Roger Penske completed his purchase of Indianapolis Motor Speedway on Monday, becoming just the fourth owner of the historic facility and subsidiaries that include the IndyCar Series.
When the deal was first announced in November, Penske said he had big plans for The Brickyard and the IndyCar series. Those hopes could even include bringing Formula One racing back to the venue.
Terms of the sale have not been disclosed, but people familiar with the transaction have told AP some of the discussions involved offers of $250 million and $300 million for the package, with a promise of additional capital improvements to the speedway.
The speedway had been owned by Tony Hulman and Hulman & Co. since 1945, but the family approached Penske in September for advice when Tony George and his three sisters decided to sell. Penske jumped at the opportunity.
Penske first attended the Indianapolis 500 in 1951 as a teenager and has missed only six runnings of “The Greatest Spectacle in Racing” since. His 18 victories in the Indy 500 as a car owner are a record, and Simon Pagenaud swept the month of May for Team Penske last year.
"We are looking forward to carrying on the tradition of the Indianapolis Motor Speedway and IndyCar racing," Penske said. “We have been diligently working with the teams at IMS, IndyCar and IMS Productions over the last two months to ensure a smooth and productive transition and we are ready to hit the ground running."
It took the Penske Corp. only six weeks to reach a purchase agreement with Hulman & Co. and the sale was initially announced in November. The very next day, the 82-year-old Penske walked the entire grounds and began making lists on improvements “The Captain” wants done.
The sale puts him in charge of the speedway, the open-wheel series that is built around the 500 and the track's esteemed production group. Penske will step down as race strategist for Will Power to avoid any conflict of interest in owning the series as well as a three-car team.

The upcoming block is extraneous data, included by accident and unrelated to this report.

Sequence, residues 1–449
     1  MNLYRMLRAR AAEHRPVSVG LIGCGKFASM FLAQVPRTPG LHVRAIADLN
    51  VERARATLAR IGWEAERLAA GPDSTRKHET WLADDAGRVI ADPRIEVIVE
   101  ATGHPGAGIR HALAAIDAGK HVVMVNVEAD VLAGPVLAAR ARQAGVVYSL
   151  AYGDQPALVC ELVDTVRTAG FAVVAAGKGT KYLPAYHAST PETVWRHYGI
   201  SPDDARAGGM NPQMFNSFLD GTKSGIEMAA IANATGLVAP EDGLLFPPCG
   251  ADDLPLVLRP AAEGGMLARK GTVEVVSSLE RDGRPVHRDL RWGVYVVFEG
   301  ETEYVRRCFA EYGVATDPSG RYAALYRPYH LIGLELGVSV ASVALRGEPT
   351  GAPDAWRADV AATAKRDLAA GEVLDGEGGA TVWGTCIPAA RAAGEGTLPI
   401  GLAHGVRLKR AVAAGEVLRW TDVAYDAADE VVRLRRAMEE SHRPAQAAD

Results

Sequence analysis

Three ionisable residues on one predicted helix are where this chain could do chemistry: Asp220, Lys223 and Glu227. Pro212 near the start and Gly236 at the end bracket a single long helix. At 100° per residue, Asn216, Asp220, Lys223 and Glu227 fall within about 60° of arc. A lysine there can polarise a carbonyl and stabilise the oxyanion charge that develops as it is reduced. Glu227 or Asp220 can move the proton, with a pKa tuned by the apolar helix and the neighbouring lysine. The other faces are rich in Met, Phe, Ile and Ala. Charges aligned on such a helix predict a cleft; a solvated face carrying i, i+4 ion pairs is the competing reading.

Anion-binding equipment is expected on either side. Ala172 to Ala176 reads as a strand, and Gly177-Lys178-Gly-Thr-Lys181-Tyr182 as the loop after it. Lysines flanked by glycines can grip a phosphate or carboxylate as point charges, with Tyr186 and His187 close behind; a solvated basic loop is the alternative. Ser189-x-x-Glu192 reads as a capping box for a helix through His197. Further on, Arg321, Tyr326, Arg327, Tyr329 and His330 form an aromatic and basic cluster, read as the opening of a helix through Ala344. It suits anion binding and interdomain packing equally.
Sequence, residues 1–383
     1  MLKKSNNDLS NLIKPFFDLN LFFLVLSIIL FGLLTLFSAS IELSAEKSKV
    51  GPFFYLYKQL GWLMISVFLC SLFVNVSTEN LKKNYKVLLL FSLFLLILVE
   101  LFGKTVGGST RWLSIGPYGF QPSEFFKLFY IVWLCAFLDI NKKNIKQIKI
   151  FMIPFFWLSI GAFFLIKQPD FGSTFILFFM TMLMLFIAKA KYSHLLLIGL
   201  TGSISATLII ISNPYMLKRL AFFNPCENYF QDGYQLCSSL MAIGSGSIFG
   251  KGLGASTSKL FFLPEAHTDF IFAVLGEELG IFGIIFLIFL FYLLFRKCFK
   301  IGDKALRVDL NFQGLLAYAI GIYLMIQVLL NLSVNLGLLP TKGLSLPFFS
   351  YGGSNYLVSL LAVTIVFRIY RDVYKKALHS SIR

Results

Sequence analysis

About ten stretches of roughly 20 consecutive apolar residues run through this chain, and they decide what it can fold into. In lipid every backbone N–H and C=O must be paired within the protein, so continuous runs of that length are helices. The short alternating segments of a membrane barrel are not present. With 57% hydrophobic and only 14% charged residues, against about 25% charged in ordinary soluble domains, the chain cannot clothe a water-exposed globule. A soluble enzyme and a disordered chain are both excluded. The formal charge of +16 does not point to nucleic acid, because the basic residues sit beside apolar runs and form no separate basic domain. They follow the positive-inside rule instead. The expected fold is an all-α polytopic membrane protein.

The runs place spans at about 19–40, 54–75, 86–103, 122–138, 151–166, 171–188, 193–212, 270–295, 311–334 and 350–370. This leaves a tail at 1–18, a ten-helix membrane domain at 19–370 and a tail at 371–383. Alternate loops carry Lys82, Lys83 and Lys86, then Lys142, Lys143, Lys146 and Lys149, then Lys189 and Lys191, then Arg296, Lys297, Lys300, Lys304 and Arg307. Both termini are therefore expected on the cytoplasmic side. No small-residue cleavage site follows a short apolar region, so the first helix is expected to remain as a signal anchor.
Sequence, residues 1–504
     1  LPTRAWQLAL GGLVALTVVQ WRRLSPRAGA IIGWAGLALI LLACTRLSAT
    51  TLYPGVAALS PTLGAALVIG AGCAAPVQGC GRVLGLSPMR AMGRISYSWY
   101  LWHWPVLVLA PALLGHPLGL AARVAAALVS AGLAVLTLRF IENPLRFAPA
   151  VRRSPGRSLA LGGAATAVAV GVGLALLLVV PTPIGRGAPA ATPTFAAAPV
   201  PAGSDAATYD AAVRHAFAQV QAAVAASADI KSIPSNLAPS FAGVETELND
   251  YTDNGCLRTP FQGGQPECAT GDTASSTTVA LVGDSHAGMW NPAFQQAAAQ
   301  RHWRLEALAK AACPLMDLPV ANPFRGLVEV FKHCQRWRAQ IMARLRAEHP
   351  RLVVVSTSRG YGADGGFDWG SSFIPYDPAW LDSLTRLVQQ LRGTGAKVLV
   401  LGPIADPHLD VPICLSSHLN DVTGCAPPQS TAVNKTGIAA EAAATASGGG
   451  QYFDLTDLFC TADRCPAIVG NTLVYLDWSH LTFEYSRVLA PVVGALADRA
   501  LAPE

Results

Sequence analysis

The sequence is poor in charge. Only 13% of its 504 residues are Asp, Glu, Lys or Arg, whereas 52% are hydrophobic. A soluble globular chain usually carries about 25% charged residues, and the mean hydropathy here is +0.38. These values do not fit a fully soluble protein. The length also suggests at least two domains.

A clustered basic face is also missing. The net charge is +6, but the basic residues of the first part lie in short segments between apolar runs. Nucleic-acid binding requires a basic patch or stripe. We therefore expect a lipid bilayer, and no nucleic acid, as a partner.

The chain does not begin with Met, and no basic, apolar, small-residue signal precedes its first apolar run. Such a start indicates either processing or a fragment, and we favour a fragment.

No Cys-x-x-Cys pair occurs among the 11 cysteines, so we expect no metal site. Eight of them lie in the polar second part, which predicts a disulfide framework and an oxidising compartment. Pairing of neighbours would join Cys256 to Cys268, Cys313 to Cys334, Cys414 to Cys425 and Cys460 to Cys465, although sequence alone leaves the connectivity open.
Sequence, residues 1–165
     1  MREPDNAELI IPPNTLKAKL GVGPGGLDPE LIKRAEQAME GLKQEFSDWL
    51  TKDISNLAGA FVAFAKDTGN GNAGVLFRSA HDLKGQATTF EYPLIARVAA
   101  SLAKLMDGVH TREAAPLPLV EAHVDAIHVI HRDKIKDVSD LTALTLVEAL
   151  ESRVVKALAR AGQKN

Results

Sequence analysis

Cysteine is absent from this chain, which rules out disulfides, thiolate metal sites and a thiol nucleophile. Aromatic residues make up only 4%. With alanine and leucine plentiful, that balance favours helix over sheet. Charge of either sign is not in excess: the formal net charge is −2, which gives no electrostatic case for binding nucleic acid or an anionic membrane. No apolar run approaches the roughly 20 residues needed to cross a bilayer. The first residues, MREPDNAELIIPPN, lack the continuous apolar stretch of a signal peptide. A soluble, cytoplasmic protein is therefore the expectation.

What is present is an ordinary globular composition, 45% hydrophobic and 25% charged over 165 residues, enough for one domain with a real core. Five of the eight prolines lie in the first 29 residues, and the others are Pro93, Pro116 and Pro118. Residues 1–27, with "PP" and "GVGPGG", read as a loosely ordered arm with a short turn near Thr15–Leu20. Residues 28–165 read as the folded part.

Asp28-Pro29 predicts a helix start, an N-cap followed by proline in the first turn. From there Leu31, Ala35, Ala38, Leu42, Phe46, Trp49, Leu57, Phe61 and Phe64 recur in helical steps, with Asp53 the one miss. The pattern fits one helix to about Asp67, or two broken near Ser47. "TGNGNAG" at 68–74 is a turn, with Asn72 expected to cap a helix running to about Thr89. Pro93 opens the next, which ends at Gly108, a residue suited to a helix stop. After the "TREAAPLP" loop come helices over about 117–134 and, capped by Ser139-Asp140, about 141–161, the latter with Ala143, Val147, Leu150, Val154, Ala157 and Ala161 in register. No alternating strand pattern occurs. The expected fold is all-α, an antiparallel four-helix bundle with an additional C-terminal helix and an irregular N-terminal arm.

The IndyCar Series has been in a slow rebuild but the industry hopes Penske's reach can speed up the process. Penske does not plan to make any immediate changes to leadership at the speedway or IndyCar, but he does plan to put his own board of directors in place.
IndyCar has been unsuccessful so far in luring a third engine manufacturer to the series, one of the many bucket list items that Penske may have an easier time achieving. An American industrialist, his fortune was built in the trucking and transportation business, but he is highly connected in the automotive world and an important fixture in Detroit.
“I truly believe that the NTT IndyCar Series features some of the exhilarating and competitive racing in the world and that our sport carries a great deal of momentum and energy into the new season,” Penske wrote in a letter distributed Monday to the motorsports industry.
Rumors circulating late in 2019 indicated that Penske was an interested party in a potential sale of the Mercedes-Benz F1 team. Daimler vehemently denied that the team was for sale, but Penske's name being associated with the alleged negotiations prompted further speculation that his organization hopes to bring a Grand Prix back to The Brickyard.
Penske joins Carl Fisher, who built the track in 1909, Eddie Rickenbacker, who purchased IMS in 1927 and the Hulman family as the only owners of the venue.
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